Google Glass in the Professional Kitchen
The applications of current technological advancements are always interesting. I've already talked about the kitchen uses of the ChefJet, a 3D printer made for printing food, but what about some of the other new technology? How can it be used in the professional kitchen? The piece of technology I've been focusing on now is the Google Glass. The Google Glass is a wearable device that sits on your head, almost like a pair of eyeglasses, with a small display in front of the eye.
Currently, it’s still in development stages, but some of the information that’s coming out is truly exciting. Already, it’s able to look up recipes at the command of your voice and have them in the corner of your view for easy access while you cook. You can also use it to record yourself preparing a recipe from the first person view - something that hasn't been seen before. This'll make the content more interesting and perhaps easier to follow for the beginner cook.
For the professional kitchen, the most exciting possibility, in my opinion, is that it would be able to track food orders; eliminating the need for little bits of paper and printers all over the kitchen. Glass can pick up the order call from the user's voice and instantly place the data on the display. Even more impressively, the Google Glass could be linked directly to the local POS system, so when a server places an order for food, the data can be immediately sent to the appropriate cook’s displays, perhaps with an audible alert. A timer could even be placed on the order to track how long it has been since the order was placed.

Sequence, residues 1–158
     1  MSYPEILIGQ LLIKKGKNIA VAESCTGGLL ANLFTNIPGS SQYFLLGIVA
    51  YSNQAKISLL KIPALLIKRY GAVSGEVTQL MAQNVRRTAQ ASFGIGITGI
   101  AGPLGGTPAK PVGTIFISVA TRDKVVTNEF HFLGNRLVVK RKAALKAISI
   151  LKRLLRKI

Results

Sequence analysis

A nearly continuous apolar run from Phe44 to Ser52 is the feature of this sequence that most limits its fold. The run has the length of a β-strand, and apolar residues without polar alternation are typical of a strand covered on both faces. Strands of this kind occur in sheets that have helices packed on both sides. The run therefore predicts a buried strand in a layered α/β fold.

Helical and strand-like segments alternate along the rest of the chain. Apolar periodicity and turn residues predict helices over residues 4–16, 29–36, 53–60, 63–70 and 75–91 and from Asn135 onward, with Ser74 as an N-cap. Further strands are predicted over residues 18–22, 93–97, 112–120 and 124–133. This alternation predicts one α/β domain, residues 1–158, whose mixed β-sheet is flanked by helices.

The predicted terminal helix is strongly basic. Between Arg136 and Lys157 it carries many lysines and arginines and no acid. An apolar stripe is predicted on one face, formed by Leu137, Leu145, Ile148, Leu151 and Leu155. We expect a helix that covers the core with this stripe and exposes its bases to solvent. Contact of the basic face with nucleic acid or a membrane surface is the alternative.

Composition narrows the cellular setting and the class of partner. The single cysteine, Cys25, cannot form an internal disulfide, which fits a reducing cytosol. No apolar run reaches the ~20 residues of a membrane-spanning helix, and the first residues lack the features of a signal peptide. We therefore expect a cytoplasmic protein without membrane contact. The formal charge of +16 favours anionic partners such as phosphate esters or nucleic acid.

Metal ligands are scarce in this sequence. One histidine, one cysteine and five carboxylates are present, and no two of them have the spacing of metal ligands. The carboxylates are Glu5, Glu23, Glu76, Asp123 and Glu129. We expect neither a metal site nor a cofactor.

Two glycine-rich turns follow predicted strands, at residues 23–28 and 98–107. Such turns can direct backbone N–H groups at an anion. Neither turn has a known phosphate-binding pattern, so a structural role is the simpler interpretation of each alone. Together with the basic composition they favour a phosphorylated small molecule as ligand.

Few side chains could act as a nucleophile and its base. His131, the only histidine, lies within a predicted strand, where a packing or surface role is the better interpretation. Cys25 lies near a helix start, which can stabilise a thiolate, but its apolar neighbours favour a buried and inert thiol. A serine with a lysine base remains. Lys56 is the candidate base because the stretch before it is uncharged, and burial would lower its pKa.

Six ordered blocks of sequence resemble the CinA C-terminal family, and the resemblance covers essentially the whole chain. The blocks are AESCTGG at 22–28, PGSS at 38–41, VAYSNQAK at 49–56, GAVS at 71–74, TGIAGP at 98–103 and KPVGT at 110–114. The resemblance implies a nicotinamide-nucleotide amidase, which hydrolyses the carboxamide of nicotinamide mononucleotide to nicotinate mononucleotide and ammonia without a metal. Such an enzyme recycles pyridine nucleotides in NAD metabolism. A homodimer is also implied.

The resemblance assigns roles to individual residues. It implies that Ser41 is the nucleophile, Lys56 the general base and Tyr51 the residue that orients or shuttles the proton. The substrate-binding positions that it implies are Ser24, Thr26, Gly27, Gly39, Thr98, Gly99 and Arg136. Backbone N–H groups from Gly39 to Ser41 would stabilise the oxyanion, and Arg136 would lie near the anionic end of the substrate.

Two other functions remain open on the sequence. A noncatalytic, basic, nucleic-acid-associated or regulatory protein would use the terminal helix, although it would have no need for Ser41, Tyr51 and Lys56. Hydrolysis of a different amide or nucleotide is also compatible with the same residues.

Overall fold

Other uses in the professional kitchen include instant access to a day’s tasks and recipes. This sort of technology will allow workers to access information they need to complete a task almost instantly, cutting down on wasted time and paper. While this is all just speculation at the moment, it should be able to be implemented with little difficulty.
Glass is still in the development stages and will likely go through a few more improvements and iterations. The software that's being developed for the device is Impressive, and I can't wait to see what else gets released. While I find the technology both exciting and interesting, I probably won't be investing in one. I'd rather wait until the retinal implants come out. It'll be much cleaner of an implementation.
If you'd like to learn more about Google Glass, you can check out the official website